I was visiting Portfolio.com this morning to look over Anthony Haden-Guest’s piece on how the ongoing banking and credit market upheavals may effect patronage of the arts. Big banks and investment houses like UBS, Deutsche Bank and Lehman Brothers are major supporters of art fairs and exhibitions, and major collectors too. The upshot: a number of corporate art people telling Haden-Guest that everything will be fine, while the big losses suffered at their outfits make you wonder.
But what then caught my eye was this post from last week by Felix Salmon, who blogs for Portfolio.com about markets and who takes a frequent intelligent interest in art. (An example — see his post of a few weeks ago explaining what was wrong with the attempt by the economist David Galenson to identify the 100 greatest works of 20th century art by toting up how often they appeared as illustrations in art history textbooks.) But Salmon’s post about the potential sale by the University of Iowa of Mural, an important Jackson Pollock, relies on a blind spot that I’ve seen a few times in discussions about that Pollock.
The pertinent paragraphs:
…some paintings belong not to “the people of Iowa” so much as to the people of the world, and belong in a world-class collection. Which, frankly, the University of Iowa Museum of Art isn’t.
Remember that the idea was never to simply sell Mural off to the highest bidder; it was to sell it to another museum. And I’m pretty sure there’s more than one major US institution which could rustle up a nine-figure sum pretty much overnight if the painting were to come on the market.
But the problem with selling the Pollock, as I pointed out a couple of days ago, is that it would represent a further worsening of the (so far limited) trend by colleges to look at their campus art collections as assets that can be stripped and sold off to pay for other needs. If that practice ever becomes legitimized, no campus collection is safe. That is the main thing at issue in the fight to prevent the Pollock from being sold. (Which, as I also pointed out the other day, looks unlikely now.) And it trumps any and all other benefits that a sale might bring.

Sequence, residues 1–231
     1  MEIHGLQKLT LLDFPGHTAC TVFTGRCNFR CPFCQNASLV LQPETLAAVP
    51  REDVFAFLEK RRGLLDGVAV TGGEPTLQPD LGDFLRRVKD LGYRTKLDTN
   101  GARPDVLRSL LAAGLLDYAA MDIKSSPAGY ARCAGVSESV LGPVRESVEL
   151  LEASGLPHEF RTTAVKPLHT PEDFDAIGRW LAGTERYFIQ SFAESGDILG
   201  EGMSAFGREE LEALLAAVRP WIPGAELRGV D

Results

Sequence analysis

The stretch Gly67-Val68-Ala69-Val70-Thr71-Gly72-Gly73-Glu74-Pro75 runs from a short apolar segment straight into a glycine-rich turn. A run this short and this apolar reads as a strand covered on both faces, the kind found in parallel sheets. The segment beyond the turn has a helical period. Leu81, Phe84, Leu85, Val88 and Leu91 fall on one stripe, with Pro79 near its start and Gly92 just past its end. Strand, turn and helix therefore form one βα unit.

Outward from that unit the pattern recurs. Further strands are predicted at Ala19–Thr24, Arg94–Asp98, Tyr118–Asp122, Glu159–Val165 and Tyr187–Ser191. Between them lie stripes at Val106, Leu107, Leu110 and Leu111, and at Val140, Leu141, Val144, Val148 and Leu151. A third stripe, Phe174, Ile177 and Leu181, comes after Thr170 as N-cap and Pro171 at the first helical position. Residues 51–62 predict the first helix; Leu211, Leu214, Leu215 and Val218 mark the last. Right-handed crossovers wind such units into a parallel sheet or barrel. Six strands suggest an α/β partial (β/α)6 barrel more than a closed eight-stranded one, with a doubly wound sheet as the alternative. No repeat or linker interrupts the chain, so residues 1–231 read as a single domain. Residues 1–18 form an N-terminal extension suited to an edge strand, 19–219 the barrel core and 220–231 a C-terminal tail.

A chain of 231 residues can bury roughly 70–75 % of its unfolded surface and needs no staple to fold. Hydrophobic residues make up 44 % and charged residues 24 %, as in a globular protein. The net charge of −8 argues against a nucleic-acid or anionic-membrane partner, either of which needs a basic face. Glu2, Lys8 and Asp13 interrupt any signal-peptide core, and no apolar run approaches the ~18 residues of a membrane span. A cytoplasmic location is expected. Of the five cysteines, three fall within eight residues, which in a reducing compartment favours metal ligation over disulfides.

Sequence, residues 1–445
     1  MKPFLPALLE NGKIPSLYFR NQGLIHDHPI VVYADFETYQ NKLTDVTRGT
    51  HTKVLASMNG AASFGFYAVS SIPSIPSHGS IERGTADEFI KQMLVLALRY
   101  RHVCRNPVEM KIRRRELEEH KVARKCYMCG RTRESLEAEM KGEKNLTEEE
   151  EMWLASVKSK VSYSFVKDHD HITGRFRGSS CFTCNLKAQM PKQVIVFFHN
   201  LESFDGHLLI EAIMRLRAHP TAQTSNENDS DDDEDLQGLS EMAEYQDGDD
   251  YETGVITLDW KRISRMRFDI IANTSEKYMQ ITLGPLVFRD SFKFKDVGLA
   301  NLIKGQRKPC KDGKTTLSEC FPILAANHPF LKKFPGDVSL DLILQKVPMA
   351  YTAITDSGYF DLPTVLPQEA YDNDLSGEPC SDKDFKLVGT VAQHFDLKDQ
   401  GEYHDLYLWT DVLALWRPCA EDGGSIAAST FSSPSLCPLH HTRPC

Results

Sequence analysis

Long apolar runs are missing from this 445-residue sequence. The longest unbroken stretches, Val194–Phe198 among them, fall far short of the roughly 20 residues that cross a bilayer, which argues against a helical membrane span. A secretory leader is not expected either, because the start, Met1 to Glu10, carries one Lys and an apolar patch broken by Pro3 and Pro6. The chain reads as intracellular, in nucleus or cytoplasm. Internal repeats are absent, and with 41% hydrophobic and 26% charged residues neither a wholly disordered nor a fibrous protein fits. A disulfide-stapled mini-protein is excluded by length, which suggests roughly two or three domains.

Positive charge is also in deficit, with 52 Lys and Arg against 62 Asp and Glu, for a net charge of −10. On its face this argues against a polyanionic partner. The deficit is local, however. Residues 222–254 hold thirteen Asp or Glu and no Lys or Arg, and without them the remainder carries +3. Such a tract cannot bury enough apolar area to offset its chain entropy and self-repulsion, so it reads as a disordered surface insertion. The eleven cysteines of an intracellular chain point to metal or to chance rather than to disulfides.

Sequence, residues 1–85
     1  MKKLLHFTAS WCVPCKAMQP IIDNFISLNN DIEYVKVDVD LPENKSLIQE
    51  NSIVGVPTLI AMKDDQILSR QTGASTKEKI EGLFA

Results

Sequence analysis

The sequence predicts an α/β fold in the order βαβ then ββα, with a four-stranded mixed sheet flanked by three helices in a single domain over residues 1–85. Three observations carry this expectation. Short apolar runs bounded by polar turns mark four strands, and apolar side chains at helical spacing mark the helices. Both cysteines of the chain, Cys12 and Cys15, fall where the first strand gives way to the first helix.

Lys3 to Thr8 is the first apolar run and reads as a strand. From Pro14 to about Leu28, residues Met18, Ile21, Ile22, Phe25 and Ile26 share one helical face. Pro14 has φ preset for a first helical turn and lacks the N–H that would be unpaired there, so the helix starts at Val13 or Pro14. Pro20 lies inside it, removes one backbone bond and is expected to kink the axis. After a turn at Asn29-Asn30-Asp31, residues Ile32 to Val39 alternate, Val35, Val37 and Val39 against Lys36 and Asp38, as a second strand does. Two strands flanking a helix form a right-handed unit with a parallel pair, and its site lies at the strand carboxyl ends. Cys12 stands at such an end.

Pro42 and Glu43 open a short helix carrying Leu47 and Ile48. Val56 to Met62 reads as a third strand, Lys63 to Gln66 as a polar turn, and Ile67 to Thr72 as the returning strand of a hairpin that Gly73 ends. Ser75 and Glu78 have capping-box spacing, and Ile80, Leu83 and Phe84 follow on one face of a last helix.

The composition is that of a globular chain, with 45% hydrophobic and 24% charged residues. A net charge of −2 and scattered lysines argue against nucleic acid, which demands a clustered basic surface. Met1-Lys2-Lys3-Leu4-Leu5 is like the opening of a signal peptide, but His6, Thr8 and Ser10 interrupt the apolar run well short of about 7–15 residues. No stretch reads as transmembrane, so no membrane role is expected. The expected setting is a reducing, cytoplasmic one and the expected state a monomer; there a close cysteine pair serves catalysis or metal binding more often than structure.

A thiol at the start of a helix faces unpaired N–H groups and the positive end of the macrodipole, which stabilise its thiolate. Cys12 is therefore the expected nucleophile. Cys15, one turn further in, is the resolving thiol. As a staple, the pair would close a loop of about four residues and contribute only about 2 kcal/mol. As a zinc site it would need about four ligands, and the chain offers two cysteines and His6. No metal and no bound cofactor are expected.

I also don’t agree with Salmon’s claim that a painting as important as Mural doesn’t belong in a place as remote from the great urban art centers as Iowa. The logic of that argument leads inevitably to the idea that all great paintings belong in just a dozen or so major cities. In which case, why bother building that Guggenheim in out of the way Bilbao? Alice Walton’s practice of dangling money in front of cash strapped colleges to get access to their art is a lamentable development, but her underlying ambition, to build a first class collection in the middle of Arkansas, is a perfectly good one.
Meanwhile, though Mural may be tucked away in Iowa, by no means has it dropped out of the art historical story. Its crucial importance to Pollock’s development is well understood. Salmon suggests that if the picture had been in the possession of the Museum of Modern Art in New York for the past half century it would probably be recognized now as the greatest American painting of all time, thanks to MOMA’s power to promote its holdings to the top of the art historical rankings. But that overstates Mural‘s significance. It was a breakthrough for Pollock. But it’s a transitional painting, not a culmination, which is what his drip paintings are. It’s important as a turning point between the congested imagery of Pollock’s earlier work and the freer gestures of his drip paintings, between the Pollock who painted with his wrist and the Pollock who painted with his entire body.
And for the record yeah, I’ve actually seen the thing — though I’ll admit it was not until it came to New York for MOMA’s big Pollock retrospective ten years ago.